- New research shows that college students with young children have much less time to focus on coursework and that this "time poverty" affects their academic performance, according to Inside Higher Ed.
- The study by two professors from the Borough of Manhattan Community College at the City University of New York and one from the University of Texas at El Paso showed that students with preschool-age children take longer to earn their degrees and are less likely to finish than students who have no children or older children. The researchers used survey and transcript data from 15,385 students at two- and four-year CUNY colleges.
- Meanwhile, the availability of child care on campus is declining, Inside Higher Ed notes, citing one researcher who said financial aid formulas should consider students' child care and other family costs.
As colleges seek to maintain or improve enrollment levels, many are targeting adult learners. Understanding how their needs differ from those of traditional students is critical to attracting and retaining them.
The issue of convenient, affordable child care for this group will continue to be a challenge. The American Council on Education (ACE) in a 2017 report noted that nearly 60% of undergraduate students enrolled during the 2011-12 academic year were older learners and 60% of post-traditional learners were women. Those numbers will continue to increase, which means the share of students with children will likely also grow.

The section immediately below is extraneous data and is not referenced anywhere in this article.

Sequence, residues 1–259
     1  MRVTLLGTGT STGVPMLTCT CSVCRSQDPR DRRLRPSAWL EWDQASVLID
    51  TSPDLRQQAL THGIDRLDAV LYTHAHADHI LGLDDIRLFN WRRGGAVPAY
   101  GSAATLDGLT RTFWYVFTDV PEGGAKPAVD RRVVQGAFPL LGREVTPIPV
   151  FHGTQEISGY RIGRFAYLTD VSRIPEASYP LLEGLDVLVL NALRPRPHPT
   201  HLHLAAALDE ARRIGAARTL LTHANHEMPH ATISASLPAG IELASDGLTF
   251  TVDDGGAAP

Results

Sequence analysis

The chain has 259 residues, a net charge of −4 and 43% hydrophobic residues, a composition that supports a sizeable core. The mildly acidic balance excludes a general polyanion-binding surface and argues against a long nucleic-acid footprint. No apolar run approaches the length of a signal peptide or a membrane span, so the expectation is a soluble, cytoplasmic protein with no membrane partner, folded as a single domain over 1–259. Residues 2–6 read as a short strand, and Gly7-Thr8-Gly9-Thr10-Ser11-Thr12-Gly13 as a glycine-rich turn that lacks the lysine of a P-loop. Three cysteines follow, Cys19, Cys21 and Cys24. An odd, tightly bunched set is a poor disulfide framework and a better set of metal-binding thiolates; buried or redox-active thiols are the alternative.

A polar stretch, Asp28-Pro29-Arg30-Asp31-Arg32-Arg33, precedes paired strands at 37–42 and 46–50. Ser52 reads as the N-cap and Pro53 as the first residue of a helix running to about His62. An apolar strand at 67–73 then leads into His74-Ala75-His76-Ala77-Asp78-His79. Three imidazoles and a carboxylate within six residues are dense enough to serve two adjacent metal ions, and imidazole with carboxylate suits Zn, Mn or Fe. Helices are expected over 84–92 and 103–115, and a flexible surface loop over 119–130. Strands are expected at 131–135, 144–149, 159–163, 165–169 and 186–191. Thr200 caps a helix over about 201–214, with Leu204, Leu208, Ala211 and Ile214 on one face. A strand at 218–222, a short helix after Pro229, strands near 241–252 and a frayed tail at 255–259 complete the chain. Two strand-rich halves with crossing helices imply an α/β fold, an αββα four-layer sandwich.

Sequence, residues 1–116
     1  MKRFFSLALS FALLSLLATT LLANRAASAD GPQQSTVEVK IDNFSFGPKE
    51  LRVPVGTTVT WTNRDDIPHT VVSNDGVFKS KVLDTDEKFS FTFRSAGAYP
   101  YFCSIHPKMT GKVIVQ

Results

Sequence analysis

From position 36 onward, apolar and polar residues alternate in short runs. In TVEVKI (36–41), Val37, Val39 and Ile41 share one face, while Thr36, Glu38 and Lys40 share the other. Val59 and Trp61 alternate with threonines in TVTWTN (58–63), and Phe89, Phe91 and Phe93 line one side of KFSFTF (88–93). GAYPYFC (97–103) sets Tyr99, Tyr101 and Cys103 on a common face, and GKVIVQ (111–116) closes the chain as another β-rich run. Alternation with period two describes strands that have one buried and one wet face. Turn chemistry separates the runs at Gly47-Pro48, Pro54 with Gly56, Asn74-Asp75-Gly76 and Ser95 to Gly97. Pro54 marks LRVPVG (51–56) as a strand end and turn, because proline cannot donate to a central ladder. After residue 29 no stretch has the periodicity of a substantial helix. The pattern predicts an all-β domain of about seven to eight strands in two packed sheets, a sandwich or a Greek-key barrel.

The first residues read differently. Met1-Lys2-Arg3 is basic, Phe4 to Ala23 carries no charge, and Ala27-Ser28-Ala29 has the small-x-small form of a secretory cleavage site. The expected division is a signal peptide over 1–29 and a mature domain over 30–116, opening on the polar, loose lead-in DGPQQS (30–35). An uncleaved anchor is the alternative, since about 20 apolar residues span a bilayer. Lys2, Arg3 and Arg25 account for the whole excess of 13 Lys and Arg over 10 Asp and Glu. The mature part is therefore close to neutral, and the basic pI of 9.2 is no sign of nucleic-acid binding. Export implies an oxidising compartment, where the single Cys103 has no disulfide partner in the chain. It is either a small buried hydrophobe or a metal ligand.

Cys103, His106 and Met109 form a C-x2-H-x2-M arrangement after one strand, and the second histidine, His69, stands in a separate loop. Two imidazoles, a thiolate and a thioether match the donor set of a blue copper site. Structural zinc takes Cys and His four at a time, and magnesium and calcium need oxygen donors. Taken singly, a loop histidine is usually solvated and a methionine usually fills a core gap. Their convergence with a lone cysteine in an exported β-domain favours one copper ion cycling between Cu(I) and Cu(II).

Meanwhile, fewer institutions are offering child care services for students. In 2015, 49% of four-year public colleges offered child care, according to the Institute for Women's Policy Research, down from 55% in 2005. The share of community colleges with child care centers dropped from 53% in 2004 to 44% in 2015.
Financial support, whether from the institution or the government, could help. The University of Houston said two-thirds of its students with children are receiving federal subsidies to help pay for child care and that the aid improved their graduation rates. The university also provides discounts of up to 60% for child care at two campus centers that charge from $200 to $300 per week, depending on the child's age.